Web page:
— -- The board of trustees and alumni of the University of Oklahoma Kappa chapter of Sigma Alpha Epsilon apologized for a video of its members reciting a racist chant and blamed it on a "horrible cancer" that entered the fraternity a few years ago.
A statement issued Wednesday by the board said it was "sincerely remorseful for the pain that this terrible chant has caused."
"For the safety of the students that were involved and the students who were not involved, our desire would be for all parties to begin the healing process," read the statement. "We hope that this despicable situation will forever change an atmosphere that would even allow an incident like this to take place."
Video shows fraternity members chanting, “There will never be a n***** at SAE.” The chant also referred to lynchings and keeping African-Americans out of the fraternity.
Parker Rice, one of the students identified in the video, said in a statement to the Dallas Morning News, “the song was taught to us, but that too doesn’t work as an explanation."
“I admit it likely was fueled by alcohol consumed at the house before the bus trip, but that’s not an excuse,” Rice, 19, said.
Former fraternity members have claimed the same language was used at other colleges, but the national headquarters denied being the source of the chant.
“In separate statements, the two men who have been expelled from the university have mentioned that the song was ‘taught to us,’” the fraternity said in a statement released late Tuesday. “However, as has been maintained in previous statements, the national fraternity does not teach such a racist, hateful chant, and this chant is not part of any education or training.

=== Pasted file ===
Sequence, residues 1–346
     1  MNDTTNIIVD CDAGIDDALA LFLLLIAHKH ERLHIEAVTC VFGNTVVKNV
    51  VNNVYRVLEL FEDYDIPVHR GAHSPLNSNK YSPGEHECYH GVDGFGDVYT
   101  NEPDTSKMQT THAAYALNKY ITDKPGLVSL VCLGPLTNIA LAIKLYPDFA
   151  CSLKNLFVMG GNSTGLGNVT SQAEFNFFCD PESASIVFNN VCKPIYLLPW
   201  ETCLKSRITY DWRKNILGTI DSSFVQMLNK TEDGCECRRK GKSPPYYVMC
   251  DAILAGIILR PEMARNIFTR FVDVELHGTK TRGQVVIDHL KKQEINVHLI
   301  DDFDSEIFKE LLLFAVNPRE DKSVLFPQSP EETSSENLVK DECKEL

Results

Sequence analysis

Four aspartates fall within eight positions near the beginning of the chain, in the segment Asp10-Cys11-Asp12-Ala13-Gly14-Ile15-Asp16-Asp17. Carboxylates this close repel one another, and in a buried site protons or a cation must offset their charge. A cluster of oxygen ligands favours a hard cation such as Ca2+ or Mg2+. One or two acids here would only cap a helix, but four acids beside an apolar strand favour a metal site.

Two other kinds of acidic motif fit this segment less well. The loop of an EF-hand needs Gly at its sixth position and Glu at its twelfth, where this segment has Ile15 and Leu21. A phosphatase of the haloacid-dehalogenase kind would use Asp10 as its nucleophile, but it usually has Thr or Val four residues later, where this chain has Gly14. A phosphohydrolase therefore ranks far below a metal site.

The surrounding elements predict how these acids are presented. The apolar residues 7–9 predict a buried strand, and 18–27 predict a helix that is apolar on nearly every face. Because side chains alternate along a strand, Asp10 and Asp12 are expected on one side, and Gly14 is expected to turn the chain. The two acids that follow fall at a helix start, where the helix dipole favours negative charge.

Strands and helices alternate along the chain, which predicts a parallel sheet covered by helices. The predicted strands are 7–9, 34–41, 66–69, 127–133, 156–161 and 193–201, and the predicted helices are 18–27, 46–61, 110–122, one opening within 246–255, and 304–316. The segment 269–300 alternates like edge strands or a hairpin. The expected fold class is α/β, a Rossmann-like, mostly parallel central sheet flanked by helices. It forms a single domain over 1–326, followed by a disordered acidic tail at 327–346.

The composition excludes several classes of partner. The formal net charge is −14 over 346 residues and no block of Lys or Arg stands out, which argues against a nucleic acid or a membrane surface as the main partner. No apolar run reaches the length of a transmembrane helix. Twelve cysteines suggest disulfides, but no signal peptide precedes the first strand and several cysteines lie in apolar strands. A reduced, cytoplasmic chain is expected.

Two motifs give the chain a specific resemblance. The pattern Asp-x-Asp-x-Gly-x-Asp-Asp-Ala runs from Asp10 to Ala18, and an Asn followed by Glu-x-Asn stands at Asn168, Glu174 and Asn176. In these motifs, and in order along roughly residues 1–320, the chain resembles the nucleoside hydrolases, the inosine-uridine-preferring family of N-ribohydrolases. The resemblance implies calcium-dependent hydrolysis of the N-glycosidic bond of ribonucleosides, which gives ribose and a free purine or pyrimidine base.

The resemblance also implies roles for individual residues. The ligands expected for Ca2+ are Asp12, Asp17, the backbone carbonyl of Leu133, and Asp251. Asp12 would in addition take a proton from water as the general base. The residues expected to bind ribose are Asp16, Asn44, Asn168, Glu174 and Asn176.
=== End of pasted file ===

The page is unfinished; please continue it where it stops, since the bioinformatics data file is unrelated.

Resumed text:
“Our investigation has found very likely that the men learned the song from fellow chapter members, which reiterates why Sigma Alpha Epsilon did not hesitate to close the chapter completely because of the culture that may have been fostered in the group.”
The fraternity was founded in 1856 at the University of Alabama and now features about 15,000 members across more than 200 chapters.
Another fraternity member, Levi Pettit, was also identified as a participant after the video appeared. His parents, Brody and Susan Pettit, released a statement Tuesday saying they were “shocked and saddened” by what they saw in the video.
"As parents of Levi, we love him and care for him deeply," they said. "He made a horrible mistake, and will live with the consequences forever. However, we also know the depth of our son's character. He is a good boy, but what we saw in those videos is disgusting.”
University of Oklahoma President David Boren said the students who played a leadership role in the "exclusionary" chant had created a hostile learning environment. He said the chant was heard not only by those on a bus, but also affected the entire university community because it was distributed through social media.
According to a letter written by Boren, if the expelled students disagree with the decision, they can contact the school's Equal Opportunity Office by Friday.
The university has not confirmed the identities of the expelled students.